HMRC will be issuing automatic £100 penalties to those who fail to file Self Assessment and pay any tax due by the end of Wednesday, but many people don’t know that this can be challenged if you have a reasonable excuse for missing the deadline. One tax reform group is strongly urging taxpayers who miss the filing deadline but who have a reasonable excuse for the delay, to challenge their penalties for late filing without delay.

The Low Income Tax Reform Group (LITRG) says that it remains keen to support HMRC’s efforts to encourage people to file returns and pay tax due from them by the proper date, and has published articles and guidance on its website. But the campaign group is very concerned that some of those who for good reason do not meet the deadline, and receive a penalty in consequence, may be totally unaware that they can challenge it.

LITRG is reminding taxpayers that there could be extenuating circumstances where someone may be able to avoid a penalty by claiming what HMRC define as a ‘reasonable excuse’ for filing their tax return late. These could include flooding or severe weather problems, but also life events such as serious illness or bereavement, and other causes beyond the taxpayer’s control.

LITRG Technical Director Robin Williamson said: “It is important that people are aware of their rights as well as their obligations, and are not alarmed unduly if contacted by HMRC. There is a danger that people may feel panicked by penalty notices from the tax office and just pay financial sanctions for filing Self Assessment forms late, without considering that there may be a legitimate reason for their delay in filing that may make them eligible for special treatment.”

Even if a reasonable excuse is established, the taxpayer must file without unreasonable delay once the excuse has ceased, LITRG points out. For example, if illness prevented them from filing on time, they must file as soon as reasonably practicable when they recover from their illness. It may be that a combination of reasons, rather than a single reason, together may constitute a reasonable excuse. In all cases full details must be sent to HMRC.

An online copy of the form that may be submitted with a late tax return, claiming reasonable excuse, can be found on the GOV.UK website. If someone has received a penalty notice, an appeal notice will usually accompany it but, if not, a form SA370 Appeal can be downloaded from the GOV.UK website. People can also send in a letter to make an appeal. They must do this within 30 days of the penalty decision.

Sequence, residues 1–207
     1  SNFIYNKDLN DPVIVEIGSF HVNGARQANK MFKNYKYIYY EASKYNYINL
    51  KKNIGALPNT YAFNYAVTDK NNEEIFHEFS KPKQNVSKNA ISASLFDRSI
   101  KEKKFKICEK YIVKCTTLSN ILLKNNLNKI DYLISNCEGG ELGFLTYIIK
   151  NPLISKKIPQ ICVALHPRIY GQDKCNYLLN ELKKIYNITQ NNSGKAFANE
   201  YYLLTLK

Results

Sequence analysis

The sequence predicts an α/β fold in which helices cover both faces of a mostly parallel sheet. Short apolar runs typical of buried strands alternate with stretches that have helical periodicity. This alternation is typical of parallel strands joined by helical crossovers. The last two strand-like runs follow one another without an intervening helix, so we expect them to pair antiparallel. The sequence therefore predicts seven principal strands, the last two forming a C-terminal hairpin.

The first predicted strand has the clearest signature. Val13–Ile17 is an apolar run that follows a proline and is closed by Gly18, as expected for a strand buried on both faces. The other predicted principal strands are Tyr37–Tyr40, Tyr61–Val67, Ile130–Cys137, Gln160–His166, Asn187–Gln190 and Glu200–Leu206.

HMRC should then offer a review of the penalty decision. But it is important to remember that HMRC are not the final arbiters of any dispute between them and taxpayers, and if someone disagrees with the outcome of HMRC’s review of their penalty, they can ask the tax tribunal to hear their appeal as long as they do this within 30 days of the review decision.

Aside from late filing penalties, HMRC may also charge a penalty if a taxpayer submits an inaccurate return to HMRC which results in them understating their liability to tax or claiming too much by way of loss relief or repayment of tax. It typically amounts to 15% of the tax understated. For a penalty to be properly chargeable, the mistake must be ‘careless’ or deliberate.

‘Careless’ indicates they have failed to take reasonable care, but what constitutes ‘reasonable’ care depends on the individual’s particular circumstances and abilities. For example, a mistake which may be deemed reasonable for a pensioner with no prior knowledge of the tax system may not be thought reasonable if perpetrated by a qualified lawyer or accountant.

If a mistake is not careless but a genuine error made while exercising reasonable care, HMRC are not entitled to charge a penalty at all. This is the case even if their tax liability is understated as a result of the error.

Robin Williamson said: “If someone who is charged a penalty for inaccuracy in their return believes their mistake was not careless as defined by HMRC, but an honest mistake despite taking reasonable care, then they should contest the penalty notice.”

Self Assessment returns must be filed and any tax due paid by midnight on Wednesday 31 January. If your accountant is filing for you it is still your responsibility to make sure it is done. Contact your accountant and ask them to confirm submission.

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